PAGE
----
Opposition parties appear determined to keep their campaign against what they view as government corruption going for as long as they can. What is worse for the government is that these attacks are focused on President Anastasiades, who has not made things any easier for himself with his rather unconvincing efforts to defend himself.
The address to the people was nothing more than an excuse to refute the allegations made against him by a journalist – allegations based on gossip and conjecture that drew a categoric denial by the former prime minister of Greece. The announcement of the anti-corruption policies did not seem to impress anyone, while his appearance before the investigative committee on Tuesday was not as convincing as he may have thought it would be. To cap it all, the issue of his family travels to the Seychelles aboard a private jet was the subject of a House committee meeting on Thursday and gave more ammunition to Akel and Diko for their onslaught as the answers given by the cabinet secretary seemed intended to confuse rather than inform.
Diko leader Nicolas Papadopoulos issued a statement claiming Anastasiades had “not told the whole truth.” And if it were shown that the president had traveled free of charge or on favourable terms, then he would have committed perjury because he had told the Nicolatos investigative committee that he had paid for the trip himself, said Papadopoulos. The Akel spokesman Stefanos Stefanou, said it would be “politically and morally correct for the president to take the responsibility for receiving a gift (from the Saudi Arabian owner of the private jet) instead of he and his associates trying to muddy the waters.”
The damage-limitation exercises by the government spokesman that have become a daily feature of political life are not making the slightest difference as they are simplistic denials. On Friday Kyriakos Koushos said the accusations were “unacceptable and groundless” adding that the president “has nothing to hide either from the House watchdog committee, either from the investigative committee or the Cypriot people.” Such assertions will not bring the matter to a close because a lot has happened, with the allegations against Anastasiades accumulating over the years.
His public standing is at the lowest point it has been, during the eight years of his presidency and it is not because of Diko and Akel’s onslaught. Their attacks are pandering to the public’s disillusionment with the government, a reflection of people’s growing discontent that followed the Al Jazeera documentary and subsequent revelations about the citizenship scheme. Add to this the talk about his preference for a two-state solution to the Cyprus problem, which may have endeared him to a section of the population but angered another section that now feel they were deceived for years and that Anastasiades had calculatingly spurned the opportunity of a reasonable settlement at Crans-Montana.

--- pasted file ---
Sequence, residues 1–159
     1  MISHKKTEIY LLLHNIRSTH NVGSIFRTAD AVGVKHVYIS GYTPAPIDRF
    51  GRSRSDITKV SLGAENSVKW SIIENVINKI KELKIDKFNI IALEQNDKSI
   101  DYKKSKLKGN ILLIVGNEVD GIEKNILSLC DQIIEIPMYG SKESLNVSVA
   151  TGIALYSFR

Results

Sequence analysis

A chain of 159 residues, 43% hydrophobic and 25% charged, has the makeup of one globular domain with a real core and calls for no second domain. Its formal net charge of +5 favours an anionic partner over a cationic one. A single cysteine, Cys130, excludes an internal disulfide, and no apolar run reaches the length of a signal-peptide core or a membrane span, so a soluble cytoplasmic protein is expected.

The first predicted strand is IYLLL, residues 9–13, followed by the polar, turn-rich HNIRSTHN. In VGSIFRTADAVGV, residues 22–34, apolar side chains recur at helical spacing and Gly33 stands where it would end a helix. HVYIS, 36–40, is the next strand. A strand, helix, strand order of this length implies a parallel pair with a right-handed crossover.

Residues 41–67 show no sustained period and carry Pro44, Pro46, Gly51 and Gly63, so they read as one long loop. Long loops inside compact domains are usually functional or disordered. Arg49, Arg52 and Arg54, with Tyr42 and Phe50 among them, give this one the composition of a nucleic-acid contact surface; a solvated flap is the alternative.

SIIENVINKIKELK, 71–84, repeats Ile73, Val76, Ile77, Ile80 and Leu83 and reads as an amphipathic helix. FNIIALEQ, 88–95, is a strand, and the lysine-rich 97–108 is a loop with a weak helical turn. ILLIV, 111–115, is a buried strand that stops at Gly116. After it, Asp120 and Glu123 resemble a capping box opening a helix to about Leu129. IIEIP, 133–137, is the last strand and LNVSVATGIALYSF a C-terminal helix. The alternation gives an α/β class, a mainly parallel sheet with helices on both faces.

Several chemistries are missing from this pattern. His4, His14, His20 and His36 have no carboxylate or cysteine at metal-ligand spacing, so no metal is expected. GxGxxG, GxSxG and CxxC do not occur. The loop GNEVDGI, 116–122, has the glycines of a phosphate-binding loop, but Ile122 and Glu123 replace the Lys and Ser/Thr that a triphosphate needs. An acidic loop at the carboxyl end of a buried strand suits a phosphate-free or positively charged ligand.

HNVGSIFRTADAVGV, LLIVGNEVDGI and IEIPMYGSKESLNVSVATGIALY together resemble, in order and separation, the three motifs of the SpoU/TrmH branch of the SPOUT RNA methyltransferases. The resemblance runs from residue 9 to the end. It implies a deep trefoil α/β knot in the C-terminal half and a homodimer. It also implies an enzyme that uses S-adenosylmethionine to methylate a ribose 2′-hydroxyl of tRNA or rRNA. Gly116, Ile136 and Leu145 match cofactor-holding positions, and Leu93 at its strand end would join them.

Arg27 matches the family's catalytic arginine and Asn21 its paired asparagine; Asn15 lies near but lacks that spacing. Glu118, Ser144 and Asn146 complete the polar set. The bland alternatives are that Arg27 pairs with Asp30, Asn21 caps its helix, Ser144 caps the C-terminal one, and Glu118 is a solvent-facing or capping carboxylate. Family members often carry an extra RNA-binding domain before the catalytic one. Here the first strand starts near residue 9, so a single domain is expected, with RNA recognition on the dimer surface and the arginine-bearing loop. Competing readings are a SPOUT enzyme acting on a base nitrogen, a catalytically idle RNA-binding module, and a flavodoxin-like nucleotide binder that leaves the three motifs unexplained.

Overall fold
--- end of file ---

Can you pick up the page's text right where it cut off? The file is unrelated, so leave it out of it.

The president seems to be in limbo with no idea of how to restore his credibility and regain people’s confidence. Everything he has tried so far to counter the barrage of criticism has not just failed, but it has given the impression of a president, who is much more interested in protecting his public image than taking full responsibility for his actions and moving on. He seems to be spending most of his time on how to deal with criticism than on running the country, which is going through a very difficult time, as Koushos himself noted on Friday in responding to Akel and Diko.
The president and the government, said the spokesman, “will remain committed to the creation of climate of unity in view of serious developments in the national issue, dealing with the pandemic and its economic consequences and will not follow the path of heightening the toxicity, desired by Akel and Diko.” Rather than waste his time pursuing an unattainable objective like unity, Anastasiades should try to provide some leadership in view of the serious issues facing the country and stop obsessing about his tarnished public image and protesting that it is undeserved. The reality is that he cannot fix it by engaging in daily exchanges with the opposition or giving televised addresses to complain about the bad publicity.
Bad publicity is part of the president’s job and after eight years in the job Anastasiades should have learnt to deal with it. He has two years left in office and should not waste them trying to rebuild his reputation and standing through communications tricks. He would have more chance of achieving goal this by ignoring the bad press and focusing on running the country in these testing times.